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Making Your Communal Seder More Accessible for People with Disabilities

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Passover is a time to come together with family, friends and even strangers, to recall the Israelites’ slavery and ultimate escape (exodus) from Egypt. The seder itself is ripe with opportunity to remember that since we were once slaves and were freed, we must work towards ensuring that everyone is free. We can start with our own table, as congregations and communities come together, so that anyone who wants to be included in the Passover seder is free to participate in ways that are meaningful and accessible. 

This year, as we prepare for Passover, let’s be proactive in our efforts towards being inclusive. Below is a checklist that you can use to make your communal seder more accessible for individuals with disabilities. Informing your guests/registrants/congregants about these accommodations in advance will send the message that everyone is welcome and everyone belongs at your table! 

Communal Seder Accessibility Checklist:

  • Cards with blessings in Hebrew, English and transliteration in large font
  • Schedule for the evening of the seder on the event details page (if a community seder)
  • Visual schedule of the seder itself – Click here for an example.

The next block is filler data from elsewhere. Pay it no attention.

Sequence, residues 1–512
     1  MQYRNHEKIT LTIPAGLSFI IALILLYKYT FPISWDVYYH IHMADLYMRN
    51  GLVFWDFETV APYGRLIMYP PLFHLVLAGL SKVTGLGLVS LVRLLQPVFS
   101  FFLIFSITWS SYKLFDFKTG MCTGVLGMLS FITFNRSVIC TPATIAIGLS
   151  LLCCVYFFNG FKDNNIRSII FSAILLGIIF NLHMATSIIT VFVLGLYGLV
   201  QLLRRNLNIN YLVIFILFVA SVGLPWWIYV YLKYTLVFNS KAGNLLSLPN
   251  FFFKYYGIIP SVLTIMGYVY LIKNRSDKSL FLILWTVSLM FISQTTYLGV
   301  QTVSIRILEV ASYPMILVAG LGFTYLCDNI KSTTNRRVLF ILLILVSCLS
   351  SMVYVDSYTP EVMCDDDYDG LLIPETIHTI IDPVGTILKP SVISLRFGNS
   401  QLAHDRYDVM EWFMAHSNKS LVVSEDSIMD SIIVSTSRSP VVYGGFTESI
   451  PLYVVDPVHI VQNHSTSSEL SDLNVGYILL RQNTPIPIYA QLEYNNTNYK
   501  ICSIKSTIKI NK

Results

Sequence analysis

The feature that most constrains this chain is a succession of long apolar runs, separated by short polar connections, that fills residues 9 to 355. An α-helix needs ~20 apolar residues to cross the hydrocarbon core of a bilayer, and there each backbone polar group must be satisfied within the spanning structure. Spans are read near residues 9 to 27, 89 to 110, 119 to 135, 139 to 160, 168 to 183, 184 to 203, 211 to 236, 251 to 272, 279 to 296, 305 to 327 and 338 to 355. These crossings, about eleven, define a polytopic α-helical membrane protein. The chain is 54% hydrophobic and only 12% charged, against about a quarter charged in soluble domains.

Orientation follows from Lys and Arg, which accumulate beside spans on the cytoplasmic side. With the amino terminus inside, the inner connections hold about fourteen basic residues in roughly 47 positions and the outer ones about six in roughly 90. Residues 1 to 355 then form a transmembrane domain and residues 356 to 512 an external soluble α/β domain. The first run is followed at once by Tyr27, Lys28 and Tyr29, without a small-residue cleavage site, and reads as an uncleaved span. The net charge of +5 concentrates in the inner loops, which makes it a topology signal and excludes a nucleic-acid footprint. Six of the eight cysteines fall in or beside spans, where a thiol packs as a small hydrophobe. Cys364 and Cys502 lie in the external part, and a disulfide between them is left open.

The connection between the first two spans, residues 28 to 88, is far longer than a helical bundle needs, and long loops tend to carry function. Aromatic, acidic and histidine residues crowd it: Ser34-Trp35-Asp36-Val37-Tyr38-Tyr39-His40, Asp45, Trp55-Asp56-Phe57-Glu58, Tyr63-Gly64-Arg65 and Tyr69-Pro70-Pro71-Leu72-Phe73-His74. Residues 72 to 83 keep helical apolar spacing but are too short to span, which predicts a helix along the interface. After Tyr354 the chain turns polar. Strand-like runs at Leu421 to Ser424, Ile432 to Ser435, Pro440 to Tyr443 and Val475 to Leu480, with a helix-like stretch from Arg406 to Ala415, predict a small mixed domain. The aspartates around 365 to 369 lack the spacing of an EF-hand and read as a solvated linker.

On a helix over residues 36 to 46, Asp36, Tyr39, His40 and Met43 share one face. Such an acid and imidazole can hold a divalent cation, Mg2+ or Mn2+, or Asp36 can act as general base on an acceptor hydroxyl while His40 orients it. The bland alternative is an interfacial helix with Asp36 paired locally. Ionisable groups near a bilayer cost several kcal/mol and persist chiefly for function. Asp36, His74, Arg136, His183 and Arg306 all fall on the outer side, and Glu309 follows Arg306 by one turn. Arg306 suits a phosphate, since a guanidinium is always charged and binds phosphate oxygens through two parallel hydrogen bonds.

• Quiet/sensory-friendly space separate from the actual seder space
  • Name tags/place cards with pronouns in large, clear text
  • Furniture spread out to ensure individuals can navigate the space easily
  • Temperature adjusted so it is comfortable for as many people as possible
  • Accessible entrance to the building and clear signage
  • List of menu options and ingredients if possible
  • Clear signs and verbal announcements of where bathrooms are located
  • A designated person that participants can ask if they have additional accessibility needs 

During the Magid (telling of the story) section of the Haggadah, we learn about four sons (children), each one different from the other. Traditionally, they are described as “wise”, “wicked”, “simple” and the one who “doesn’t know how to ask.” While much can be said and interpreted about the four children*, the message is clear: we must teach each person in the ways that work best for them. We are all valued and we all deserve to be a part of our Jewish heritage.

* Tune into our upcoming webinar on April 10 co-sponsored with Mishkan Chicago entitled “Celebrating the Four Children: An Introduction to Neurodiversity for Parents.” For more information and to register, click here.

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